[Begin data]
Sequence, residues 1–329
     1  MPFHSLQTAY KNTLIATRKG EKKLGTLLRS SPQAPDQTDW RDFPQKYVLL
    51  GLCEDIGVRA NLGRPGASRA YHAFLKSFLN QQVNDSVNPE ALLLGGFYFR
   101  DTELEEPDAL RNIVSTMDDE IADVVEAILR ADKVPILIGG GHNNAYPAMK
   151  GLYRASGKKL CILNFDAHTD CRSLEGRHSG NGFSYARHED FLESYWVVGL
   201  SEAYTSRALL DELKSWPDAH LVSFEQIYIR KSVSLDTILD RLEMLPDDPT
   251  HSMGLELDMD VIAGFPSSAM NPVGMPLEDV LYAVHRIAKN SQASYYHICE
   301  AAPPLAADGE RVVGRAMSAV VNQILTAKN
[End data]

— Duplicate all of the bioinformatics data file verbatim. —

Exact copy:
Sequence, residues 1–329
     1  MPFHSLQTAY KNTLIATRKG EKKLGTLLRS SPQAPDQTDW RDFPQKYVLL
    51  GLCEDIGVRA NLGRPGASRA YHAFLKSFLN QQVNDSVNPE ALLLGGFYFR
   101  DTELEEPDAL RNIVSTMDDE IADVVEAILR ADKVPILIGG GHNNAYPAMK
   151  GLYRASGKKL CILNFDAHTD CRSLEGRHSG NGFSYARHED FLESYWVVGL
   201  SEAYTSRALL DELKSWPDAH LVSFEQIYIR KSVSLDTILD RLEMLPDDPT
   251  HSMGLELDMD VIAGFPSSAM NPVGMPLEDV LYAVHRIAKN SQASYYHICE
   301  AAPPLAADGE RVVGRAMSAV VNQILTAKN